A New Year’s Non-Resolution?

First, a Happy New Year to everyone. I may be in the camp that believes celebrating January 1 is about as arbitrary as celebrating March 6 as “New Year’s Day,” but I can still appreciate much of the sentiment behind it. Namely: leaving the past behind and trying to set a better course for the future.

Which brings us to our Trip Reports — the last of which I wrote in October. Over the past year, I’ve become embarrassingly self-aware of the kind of social monster I’ve contributed to (and even helped create). Namely: the problem of mobile device zombies. We’re written before about the cultural blight of laptop zombies, but the mobile device zombie has also reached rather epidemic proportions.

From the January 2, 2012 New Yorker magazine

It’s become that much harder to enjoy the vibe of public spaces without an acute awareness of zombie armies staring into their mobile devices, each dutifully penning their Foursquare check-ins, Yelp reviews, and Facebook status updates — if not also photographing everything put on the table. Things sort of reached critical mass for me when I found it impossible to enjoy pupusas at my favorite neighborhood El Salvadoran dive without encountering at least one table of gringo hipsters glued to their mobile phones, penning some kind of check-in or review.

Yet my guilty streak runs long. Nine years ago I was tapping in review notes into my old Palm Vx at various cafés for this Web site. Back then, I was just a freakish novelty that my coworkers would parody. But today it seems nearly everyone is guilty of some form of mobile device zombiedom, and witnessing it is a bit like a horrific visit from the Ghost of Christmas Past. Engrossing ourselves with our mobile devices has become something of a public ritual or rite by which we consume anything in the public spaces of society.

The big joke being that all this is classically a First World Problem of the highest order. Even so, there’s something to be said about making a conscious effort to be present and experience life in the first person — and not through some application on your mobile phone. Being the type that dismisses New Year’s resolutions, I really can’t say what this means for any Trip Reports here in the future. But I can say I am keenly aware of contributing to the problem.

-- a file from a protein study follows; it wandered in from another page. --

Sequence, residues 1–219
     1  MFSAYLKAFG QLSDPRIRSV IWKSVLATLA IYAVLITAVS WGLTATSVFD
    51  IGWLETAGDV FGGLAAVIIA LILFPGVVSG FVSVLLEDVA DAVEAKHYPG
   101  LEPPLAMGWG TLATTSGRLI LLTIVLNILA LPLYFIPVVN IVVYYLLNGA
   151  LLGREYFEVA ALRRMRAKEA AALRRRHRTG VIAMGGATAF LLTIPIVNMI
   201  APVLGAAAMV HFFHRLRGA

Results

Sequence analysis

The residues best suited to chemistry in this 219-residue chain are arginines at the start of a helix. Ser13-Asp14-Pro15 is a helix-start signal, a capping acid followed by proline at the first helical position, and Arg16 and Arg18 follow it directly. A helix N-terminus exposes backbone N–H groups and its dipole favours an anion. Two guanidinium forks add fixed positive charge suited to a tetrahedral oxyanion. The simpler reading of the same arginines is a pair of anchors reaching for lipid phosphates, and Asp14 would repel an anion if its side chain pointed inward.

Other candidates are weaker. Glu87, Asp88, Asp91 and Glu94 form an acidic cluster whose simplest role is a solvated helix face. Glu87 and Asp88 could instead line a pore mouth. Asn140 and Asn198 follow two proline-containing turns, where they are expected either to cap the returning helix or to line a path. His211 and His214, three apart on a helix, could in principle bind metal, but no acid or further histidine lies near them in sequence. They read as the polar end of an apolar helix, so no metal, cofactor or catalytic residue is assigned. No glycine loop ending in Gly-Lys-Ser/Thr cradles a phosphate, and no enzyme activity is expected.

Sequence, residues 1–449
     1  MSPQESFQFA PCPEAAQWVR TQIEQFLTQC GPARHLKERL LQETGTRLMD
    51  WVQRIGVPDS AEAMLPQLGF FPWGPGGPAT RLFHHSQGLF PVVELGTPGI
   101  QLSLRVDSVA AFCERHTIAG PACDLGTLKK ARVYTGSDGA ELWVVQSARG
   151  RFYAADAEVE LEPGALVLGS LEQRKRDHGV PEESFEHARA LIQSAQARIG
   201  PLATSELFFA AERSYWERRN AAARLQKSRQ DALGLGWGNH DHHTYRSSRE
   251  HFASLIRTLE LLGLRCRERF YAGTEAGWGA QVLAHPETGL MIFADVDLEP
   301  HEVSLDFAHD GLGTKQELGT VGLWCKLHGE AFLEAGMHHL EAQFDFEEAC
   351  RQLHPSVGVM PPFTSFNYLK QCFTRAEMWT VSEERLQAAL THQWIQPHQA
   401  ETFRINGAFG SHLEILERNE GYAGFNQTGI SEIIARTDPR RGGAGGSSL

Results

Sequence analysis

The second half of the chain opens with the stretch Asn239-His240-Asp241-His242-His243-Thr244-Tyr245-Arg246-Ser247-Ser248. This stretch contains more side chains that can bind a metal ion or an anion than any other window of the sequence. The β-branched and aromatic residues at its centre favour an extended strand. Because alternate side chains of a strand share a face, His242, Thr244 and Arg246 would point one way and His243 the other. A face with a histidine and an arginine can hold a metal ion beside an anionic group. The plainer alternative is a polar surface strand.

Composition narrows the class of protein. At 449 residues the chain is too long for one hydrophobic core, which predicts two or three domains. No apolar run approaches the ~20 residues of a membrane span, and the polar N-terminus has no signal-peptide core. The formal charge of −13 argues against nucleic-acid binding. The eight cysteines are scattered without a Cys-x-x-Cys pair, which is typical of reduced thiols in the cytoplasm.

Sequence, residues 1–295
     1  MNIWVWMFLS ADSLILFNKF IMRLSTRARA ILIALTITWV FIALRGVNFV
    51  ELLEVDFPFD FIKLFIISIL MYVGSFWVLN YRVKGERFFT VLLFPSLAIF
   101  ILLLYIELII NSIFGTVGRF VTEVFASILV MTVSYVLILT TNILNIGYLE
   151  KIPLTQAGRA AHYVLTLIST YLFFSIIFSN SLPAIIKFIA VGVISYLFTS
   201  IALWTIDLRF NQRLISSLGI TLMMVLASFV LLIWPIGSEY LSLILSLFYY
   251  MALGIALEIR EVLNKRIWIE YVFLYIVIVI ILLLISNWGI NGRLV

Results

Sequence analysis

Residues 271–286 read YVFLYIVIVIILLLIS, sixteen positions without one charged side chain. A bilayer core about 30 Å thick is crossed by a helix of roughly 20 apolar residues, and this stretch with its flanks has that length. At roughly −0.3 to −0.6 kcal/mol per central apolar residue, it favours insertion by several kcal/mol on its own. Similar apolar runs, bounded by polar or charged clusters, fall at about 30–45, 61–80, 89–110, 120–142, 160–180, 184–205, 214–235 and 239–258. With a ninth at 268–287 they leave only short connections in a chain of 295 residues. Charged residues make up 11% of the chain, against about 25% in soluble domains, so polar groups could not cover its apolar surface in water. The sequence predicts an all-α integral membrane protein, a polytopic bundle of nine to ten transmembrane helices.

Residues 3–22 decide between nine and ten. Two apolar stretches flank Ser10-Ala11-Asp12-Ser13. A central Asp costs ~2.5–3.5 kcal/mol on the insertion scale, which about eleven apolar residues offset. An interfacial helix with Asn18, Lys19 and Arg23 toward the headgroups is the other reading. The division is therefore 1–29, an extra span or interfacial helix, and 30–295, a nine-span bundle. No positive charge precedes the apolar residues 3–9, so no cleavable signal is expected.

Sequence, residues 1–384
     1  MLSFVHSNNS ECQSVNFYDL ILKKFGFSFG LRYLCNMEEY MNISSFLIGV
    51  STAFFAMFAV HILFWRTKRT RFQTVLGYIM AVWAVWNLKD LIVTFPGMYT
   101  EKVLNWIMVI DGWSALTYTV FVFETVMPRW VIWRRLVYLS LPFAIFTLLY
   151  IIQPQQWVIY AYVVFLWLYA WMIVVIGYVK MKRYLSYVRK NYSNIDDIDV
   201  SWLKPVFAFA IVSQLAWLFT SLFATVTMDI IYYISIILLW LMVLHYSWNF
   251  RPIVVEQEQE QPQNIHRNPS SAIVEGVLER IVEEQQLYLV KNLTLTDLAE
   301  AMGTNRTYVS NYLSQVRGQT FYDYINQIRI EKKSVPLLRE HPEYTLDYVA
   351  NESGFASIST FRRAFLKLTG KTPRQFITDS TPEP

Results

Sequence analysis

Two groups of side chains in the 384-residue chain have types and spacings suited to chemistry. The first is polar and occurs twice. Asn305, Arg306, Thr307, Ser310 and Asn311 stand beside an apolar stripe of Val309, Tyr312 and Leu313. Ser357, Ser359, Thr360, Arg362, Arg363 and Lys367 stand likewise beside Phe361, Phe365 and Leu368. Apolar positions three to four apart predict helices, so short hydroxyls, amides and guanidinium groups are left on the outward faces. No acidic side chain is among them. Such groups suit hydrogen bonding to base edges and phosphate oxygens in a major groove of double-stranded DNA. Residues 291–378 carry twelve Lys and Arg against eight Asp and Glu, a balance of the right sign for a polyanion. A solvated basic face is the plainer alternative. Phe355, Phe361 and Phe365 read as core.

West Marin and Toby’s Coffee Bar…

One place that still seems relatively untouched by the mobile device zombie invasion is West Marin County. Thanks to a low population density and a rugged coastline, mobile phone networks like AT&T continue to offer one of their best services: an excuse for why you cannot be reached by the outside world while you’re out here. There are still major dead zones for voice calls, and 3G Internet access seems about as far off as astronauts landing on Mars.

Entrance to Toby's Coffee Bar and the feed lot along the wall of the post office Prayer flags adorn the feed lot entrance where Toby's Coffee Bar resides

It’s still Marin County, so you can’t escape the crystal healers and obsession with Westernized yoga. Stare a few locals in the eye, and you’ll undoubtedly find a few who choose to believe that Stevie Nicks is still spinning in gauzy robes as a member of Fleetwood Mac.

Not surprisingly, the coffee options in West Marin are generally heavy on the organic and Fair Trade sourcing but light on quality. One of the better exceptions is in the tiny town of Point Reyes Station.

Toby's Coffee Bar: step right upToby’s is something of an institution in the area. It’s a general store with a rear feed lot — complete with haystacks, bags of feed, strings of prayer flags, and — you guessed it — a neighboring yoga studio. It’s at the entrance to the feed lot, sort of sharing a wall with the town post office, that you’ll find a kiosk window branded as Toby’s Coffee Bar. There are a few picnic tables and other outdoor tables in front. You can also buy organic baked goods, newspapers, and teas.

Using a newer, two-group Nuova Simonelli machine inside their small service cubby-hole, they pull shots of Taylor Maid Farms in saucerless cups (which seems customary for West Marin). It comes with a dark brown crema, small bubbles, and a lighter heat spot. As espresso shots go, it’s deep and dark: no fruit bombs here. It has a nuttier flavor mixed with cloves and other herbal pungency and is served as a default double shot.

Read the review of Toby’s Coffee Bar in Point Reyes Station, CA.

Working the two-group Nuova Simonelli inside Toby's Coffee Bar The Toby's Coffee Bar espresso